Debut of The King’s Speech at The National Theater

Image courtesy of washingtonpost.com

By Jacqueline Jedrych

David Seidler’s original play The King’s Speech debuted at The National Theater on February 11, 2020 and will run until February 16. The show inspired the 2010 film by the same name which won 4 Oscars and a slew of other awards and recognition. The National Theater’s run will mark the eleventh in the 2019-2020 Broadway at The National series. Tickets can be purchased at TheNationalDC.com, by calling 1-800-514-3849, or at the National Theatre Box Office (Monday-Friday from 12 pm-6 pm and two hours prior to every performance) at 1321 Pennsylvania Avenue NW in downtown Washington, D.C.

The King’s Speech is the story of Bertie, King George VI of England, who developed a stutter at a very young age. Bertie’s stutter causes his family to ridicule him, his nation to view him as weak. The stutter even led him to consider himself unfit to be king. As the second son, he was never expected to actually ascend to the throne, but when his father dies and his older brother abdicates, he is forced to confront his debilitating stutter and lack of confidence. With the help of speech therapist Lionel Logue, he delivers his royal address to the nation. He studies under his instruction, using different techniques to practice his speech. When the time comes for him to be coronated, he invites Logue. However, after some research by the archbishop, Logue is revealed as a charlatan. He holds no medical degree and is really just a failed actor. As his wife implores him to move back home to Australia, he faces a difficult decision and the king faces a difficult task: a radio speech.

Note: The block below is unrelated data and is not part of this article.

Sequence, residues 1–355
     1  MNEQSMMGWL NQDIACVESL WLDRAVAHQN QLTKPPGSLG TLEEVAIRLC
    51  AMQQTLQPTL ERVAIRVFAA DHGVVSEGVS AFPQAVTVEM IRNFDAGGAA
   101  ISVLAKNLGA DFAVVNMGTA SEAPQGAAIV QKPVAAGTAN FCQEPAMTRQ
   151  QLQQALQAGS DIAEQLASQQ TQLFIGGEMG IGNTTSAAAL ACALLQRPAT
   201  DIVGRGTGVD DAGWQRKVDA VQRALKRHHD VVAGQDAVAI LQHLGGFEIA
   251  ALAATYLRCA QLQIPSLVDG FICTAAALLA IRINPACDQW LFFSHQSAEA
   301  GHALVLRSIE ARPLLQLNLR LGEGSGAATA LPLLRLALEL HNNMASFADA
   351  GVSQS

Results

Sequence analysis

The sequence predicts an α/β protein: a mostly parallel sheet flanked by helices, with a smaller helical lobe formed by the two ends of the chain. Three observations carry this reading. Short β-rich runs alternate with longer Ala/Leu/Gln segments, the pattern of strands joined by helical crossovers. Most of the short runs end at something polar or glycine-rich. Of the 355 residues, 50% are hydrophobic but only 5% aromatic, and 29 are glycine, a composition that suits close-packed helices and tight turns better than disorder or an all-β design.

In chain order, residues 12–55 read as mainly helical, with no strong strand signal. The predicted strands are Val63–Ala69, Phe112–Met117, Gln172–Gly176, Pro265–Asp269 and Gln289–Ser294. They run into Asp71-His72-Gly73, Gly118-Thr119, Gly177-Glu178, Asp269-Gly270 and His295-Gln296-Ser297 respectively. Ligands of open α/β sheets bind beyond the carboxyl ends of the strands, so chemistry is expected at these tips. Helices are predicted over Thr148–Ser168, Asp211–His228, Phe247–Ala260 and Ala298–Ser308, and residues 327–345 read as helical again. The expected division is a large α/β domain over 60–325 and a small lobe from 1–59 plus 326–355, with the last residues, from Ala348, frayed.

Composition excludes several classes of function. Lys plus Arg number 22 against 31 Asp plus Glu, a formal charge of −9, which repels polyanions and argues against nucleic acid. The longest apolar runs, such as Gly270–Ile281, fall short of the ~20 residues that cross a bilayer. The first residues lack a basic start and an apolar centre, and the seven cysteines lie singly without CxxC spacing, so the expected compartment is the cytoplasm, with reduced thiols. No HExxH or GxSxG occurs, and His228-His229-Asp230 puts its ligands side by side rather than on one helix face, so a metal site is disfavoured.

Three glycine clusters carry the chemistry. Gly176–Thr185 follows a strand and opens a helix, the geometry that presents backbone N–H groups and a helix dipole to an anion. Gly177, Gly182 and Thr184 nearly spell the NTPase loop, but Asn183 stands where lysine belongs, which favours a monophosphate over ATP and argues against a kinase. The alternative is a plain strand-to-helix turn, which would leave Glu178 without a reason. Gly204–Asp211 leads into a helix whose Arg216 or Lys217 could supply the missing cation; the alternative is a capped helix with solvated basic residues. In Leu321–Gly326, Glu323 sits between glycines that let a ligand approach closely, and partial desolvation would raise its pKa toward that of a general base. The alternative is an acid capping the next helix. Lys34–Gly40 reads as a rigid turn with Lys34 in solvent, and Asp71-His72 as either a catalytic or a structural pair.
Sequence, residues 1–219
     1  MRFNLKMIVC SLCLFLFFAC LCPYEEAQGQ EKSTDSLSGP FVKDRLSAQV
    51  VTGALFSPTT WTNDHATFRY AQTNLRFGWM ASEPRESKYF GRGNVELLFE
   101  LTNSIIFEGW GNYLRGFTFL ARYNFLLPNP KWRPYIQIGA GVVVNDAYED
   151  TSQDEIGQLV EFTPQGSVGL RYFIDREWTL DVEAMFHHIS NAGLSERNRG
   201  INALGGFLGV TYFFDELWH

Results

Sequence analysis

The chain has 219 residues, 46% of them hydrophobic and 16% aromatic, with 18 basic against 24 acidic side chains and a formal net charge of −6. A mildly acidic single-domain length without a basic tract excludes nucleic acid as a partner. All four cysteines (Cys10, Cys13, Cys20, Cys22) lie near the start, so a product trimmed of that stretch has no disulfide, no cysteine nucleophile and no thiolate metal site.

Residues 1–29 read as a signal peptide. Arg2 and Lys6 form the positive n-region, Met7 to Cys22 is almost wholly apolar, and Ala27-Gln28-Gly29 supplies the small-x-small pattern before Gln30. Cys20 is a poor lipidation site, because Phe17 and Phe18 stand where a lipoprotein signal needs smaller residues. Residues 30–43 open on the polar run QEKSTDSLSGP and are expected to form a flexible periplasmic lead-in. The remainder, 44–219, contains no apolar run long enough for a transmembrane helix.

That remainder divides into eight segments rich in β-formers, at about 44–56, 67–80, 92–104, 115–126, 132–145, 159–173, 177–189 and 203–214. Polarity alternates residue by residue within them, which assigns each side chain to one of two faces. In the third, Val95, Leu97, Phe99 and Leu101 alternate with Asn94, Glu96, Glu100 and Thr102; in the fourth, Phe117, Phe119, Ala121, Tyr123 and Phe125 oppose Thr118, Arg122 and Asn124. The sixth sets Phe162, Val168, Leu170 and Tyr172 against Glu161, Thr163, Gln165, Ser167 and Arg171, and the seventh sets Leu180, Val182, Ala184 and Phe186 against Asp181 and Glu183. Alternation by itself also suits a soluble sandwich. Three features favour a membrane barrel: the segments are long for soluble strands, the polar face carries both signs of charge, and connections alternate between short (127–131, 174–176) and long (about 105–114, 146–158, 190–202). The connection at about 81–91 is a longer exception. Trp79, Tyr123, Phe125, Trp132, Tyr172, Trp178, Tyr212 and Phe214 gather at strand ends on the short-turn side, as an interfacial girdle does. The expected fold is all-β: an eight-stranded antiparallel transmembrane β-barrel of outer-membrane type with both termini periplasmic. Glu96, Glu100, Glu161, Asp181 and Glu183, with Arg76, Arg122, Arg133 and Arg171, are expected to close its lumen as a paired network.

Bertie, played by Nick Westrate, struggles throughout the show to face the confidence issues he has which are caused by his stutter. Westrate handled the complex character of King George VI admirably. The stutter could have been more pronounced, but Westrate used his mannerisms and physicality to effectively portray Bertie’s big character. His chemistry with his wife and begrudging friendship with his speech therapist felt natural and authentic. 

Elizabeth, Bertie’s attentive wife, was played by Maggie Lacey. Lacey delivered an uneven performance. At times, her inflection felt strange and some jokes were lost in the delivery. However, Lacey carried herself with the regal poise of a queen-to-be. 

Lionel Logue, Bertie’s speech therapist and confidant, portrayed by Michael Bakkensen, well-utilized his swaggering confidence. His character’s spotty Australian accent added to his fraudulent backstory. 

The set, a forced perspective of the corner of a room, was well-constructed and clean. The real star of the technical aspects, however, was the lighting. In lieu of changing the whole set, the projections changed from wallpaper to crowds to a throne room. It was made even more realistic by the overhead spots on the actors, making sure that the projections didn’t mar the actors and take the audience out of the moment. 

The King’s Speech at The National Theater was an emotional performance that blended historical accuracy with fantastic storytelling. The actors gave realistic performances and the tech was clean and effective, delivering a show that brought the audience to their feet.

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